Not everyone will experience having a period - but half the world’s population will so if you don’t get a period, without doubt you will know people who do.
It’s vital that periods are normalized and as part of this we need more education about them - especially for boys at school. It’s crazy how many head into adulthood not knowing the basic mechanics of what a period is, how it works and why it’s normal.
Without decent education (for both those who get periods and those who don’t) we risk future generations growing up and perpetuating the shame and stigma that still runs awol.
Unfortunately schools can be the perfect breeding ground for ‘playground’ misinformation. If the topic of periods comes up, chances are it will be in the context that they are yucky, messy, smelly.
When schools seperate period education out by gender it’s only contributing to the ‘us’ and ‘them’ mentality and gives the impression that periods aren’t something boys and transgender girls need to worry about.
This is why ALL students - boys, trans, non binary students as well as girls - need reliable information when it comes to periods. They need to know what a period is, what happens to the body and why it happens. This is vital if we are ever going to get to a place in society where people with periods are understood and not stigmatised.
We need schools around the world to address this issue, and while we’re not ignoring the importance of education at home, making in-depth menstrual education (not just a glossed over ‘an unfertilised egg leads to a period’ rundown) part of every school curriculum will help hugely to de-stigmatise periods and help students develop a healthy understanding and attitude toward them. If we continue segregating students based on gender, we continue to perpetuate stereotypes, even if it’s unintentional.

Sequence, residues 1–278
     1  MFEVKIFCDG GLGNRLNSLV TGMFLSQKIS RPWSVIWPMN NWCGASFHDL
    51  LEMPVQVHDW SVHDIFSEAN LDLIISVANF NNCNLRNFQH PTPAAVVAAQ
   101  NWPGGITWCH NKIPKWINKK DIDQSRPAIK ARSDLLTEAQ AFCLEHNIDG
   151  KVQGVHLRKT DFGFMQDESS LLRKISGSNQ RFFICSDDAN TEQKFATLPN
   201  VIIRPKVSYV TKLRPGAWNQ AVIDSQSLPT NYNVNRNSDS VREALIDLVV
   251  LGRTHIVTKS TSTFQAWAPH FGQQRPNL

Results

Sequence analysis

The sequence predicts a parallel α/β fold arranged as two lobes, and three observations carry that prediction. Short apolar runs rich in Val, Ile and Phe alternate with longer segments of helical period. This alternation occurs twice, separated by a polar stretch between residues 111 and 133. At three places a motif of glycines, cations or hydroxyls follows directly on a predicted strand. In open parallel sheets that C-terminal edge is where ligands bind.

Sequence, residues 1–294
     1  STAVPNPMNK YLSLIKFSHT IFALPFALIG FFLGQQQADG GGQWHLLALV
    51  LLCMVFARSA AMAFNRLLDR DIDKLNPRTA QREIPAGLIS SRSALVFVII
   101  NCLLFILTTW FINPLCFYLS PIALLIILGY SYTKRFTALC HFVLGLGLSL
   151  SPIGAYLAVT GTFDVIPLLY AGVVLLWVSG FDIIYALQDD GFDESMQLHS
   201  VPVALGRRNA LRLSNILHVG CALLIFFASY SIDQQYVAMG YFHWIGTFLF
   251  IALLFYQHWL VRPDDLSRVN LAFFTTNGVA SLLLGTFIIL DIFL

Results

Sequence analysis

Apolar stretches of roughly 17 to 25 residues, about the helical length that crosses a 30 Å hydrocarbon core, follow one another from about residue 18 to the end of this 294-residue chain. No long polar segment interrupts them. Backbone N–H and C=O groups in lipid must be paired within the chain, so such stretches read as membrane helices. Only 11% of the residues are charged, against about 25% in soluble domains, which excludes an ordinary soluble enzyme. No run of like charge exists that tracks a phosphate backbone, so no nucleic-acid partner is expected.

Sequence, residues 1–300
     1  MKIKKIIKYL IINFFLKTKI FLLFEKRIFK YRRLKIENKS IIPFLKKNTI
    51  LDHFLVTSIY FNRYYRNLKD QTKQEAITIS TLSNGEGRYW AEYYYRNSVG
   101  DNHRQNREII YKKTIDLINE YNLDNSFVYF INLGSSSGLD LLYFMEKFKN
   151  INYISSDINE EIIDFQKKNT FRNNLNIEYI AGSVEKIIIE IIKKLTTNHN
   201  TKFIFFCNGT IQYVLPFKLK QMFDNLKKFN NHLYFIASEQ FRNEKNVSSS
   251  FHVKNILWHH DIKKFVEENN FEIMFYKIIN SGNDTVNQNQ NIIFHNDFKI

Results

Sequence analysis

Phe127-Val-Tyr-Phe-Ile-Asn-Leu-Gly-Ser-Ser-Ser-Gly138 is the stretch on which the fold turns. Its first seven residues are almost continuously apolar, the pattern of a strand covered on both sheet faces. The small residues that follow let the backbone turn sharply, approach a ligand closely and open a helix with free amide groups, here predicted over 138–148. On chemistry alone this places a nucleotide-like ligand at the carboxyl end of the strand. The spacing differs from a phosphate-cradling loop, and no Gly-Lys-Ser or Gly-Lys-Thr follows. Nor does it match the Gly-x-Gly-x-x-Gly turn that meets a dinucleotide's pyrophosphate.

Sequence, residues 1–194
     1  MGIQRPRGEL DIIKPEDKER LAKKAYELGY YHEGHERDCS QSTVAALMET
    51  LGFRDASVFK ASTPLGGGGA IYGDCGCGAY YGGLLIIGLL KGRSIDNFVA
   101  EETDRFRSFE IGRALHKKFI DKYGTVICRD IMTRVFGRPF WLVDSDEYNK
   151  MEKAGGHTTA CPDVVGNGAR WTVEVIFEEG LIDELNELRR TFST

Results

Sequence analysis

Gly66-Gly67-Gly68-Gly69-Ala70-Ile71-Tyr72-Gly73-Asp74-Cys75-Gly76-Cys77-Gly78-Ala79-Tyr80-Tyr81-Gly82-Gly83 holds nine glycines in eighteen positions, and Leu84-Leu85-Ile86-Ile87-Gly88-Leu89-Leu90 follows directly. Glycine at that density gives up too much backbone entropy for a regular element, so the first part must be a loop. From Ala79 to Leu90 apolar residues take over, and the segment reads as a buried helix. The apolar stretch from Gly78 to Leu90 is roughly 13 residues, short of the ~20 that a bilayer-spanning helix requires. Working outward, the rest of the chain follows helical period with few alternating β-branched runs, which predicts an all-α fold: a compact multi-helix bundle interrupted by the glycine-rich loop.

Join us - we want the next generations to know that periods are normal. They affect everyone, regardless if whether they have them or not. Let’s talk and learn about them more!
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Vaginal cup, period cup, menstrual cup... Whatever you call it, The Hello Cup is a great choice.
It’s worth remembering that we don’t recommend buying your cup based on your flow alone. Instead, sizing is based on fitness and age.
Our XS is our smallest, softest cup. It’s the perfect choice for teenagers, petite users or those who prefer a ‘mini’ tampon.
Our S/M is our ‘one size fits most’ menstrual cup. We recommend it for users under 35 – regardless of whether they have had children or not.
Our L (L for ‘Lovely’) is best for those over 35 who feel it’s a bit more roomy up there.
It’s worth noting that we find physically fit people are often best suited to the S/M regardless of age. If you’re uncertain, Hello Double Boxes are a great option to help you find which size works best for you. Many people find they can wear two sizes.
Check out our full size guide and quiz here.
Diameter – Regular Hello Cups
The diameter of the XS is 38mm and the overall length including the toggle is 57mm. It holds 17.5ml (to the holes).
The diameter of the S/M is 41mm and the overall length, including the toggle, is 59mm. It holds 21mls (to the holes).
The diameter of the L is 45mm and the overall length, including the toggle, is 64mm. It holds 28ml (to the holes).
Diameter – Low Cervix Hello Cups
The diameter of the S/M is 41mm and the overall length (no toggle) is 43mm. It holds 21mls (to the holes).
The diameter of the L is 45mm and the overall length (no toggle) is 49mm. It holds 28ml (to the holes).
Drop us a line if you have any questions about sizing – email@example.com.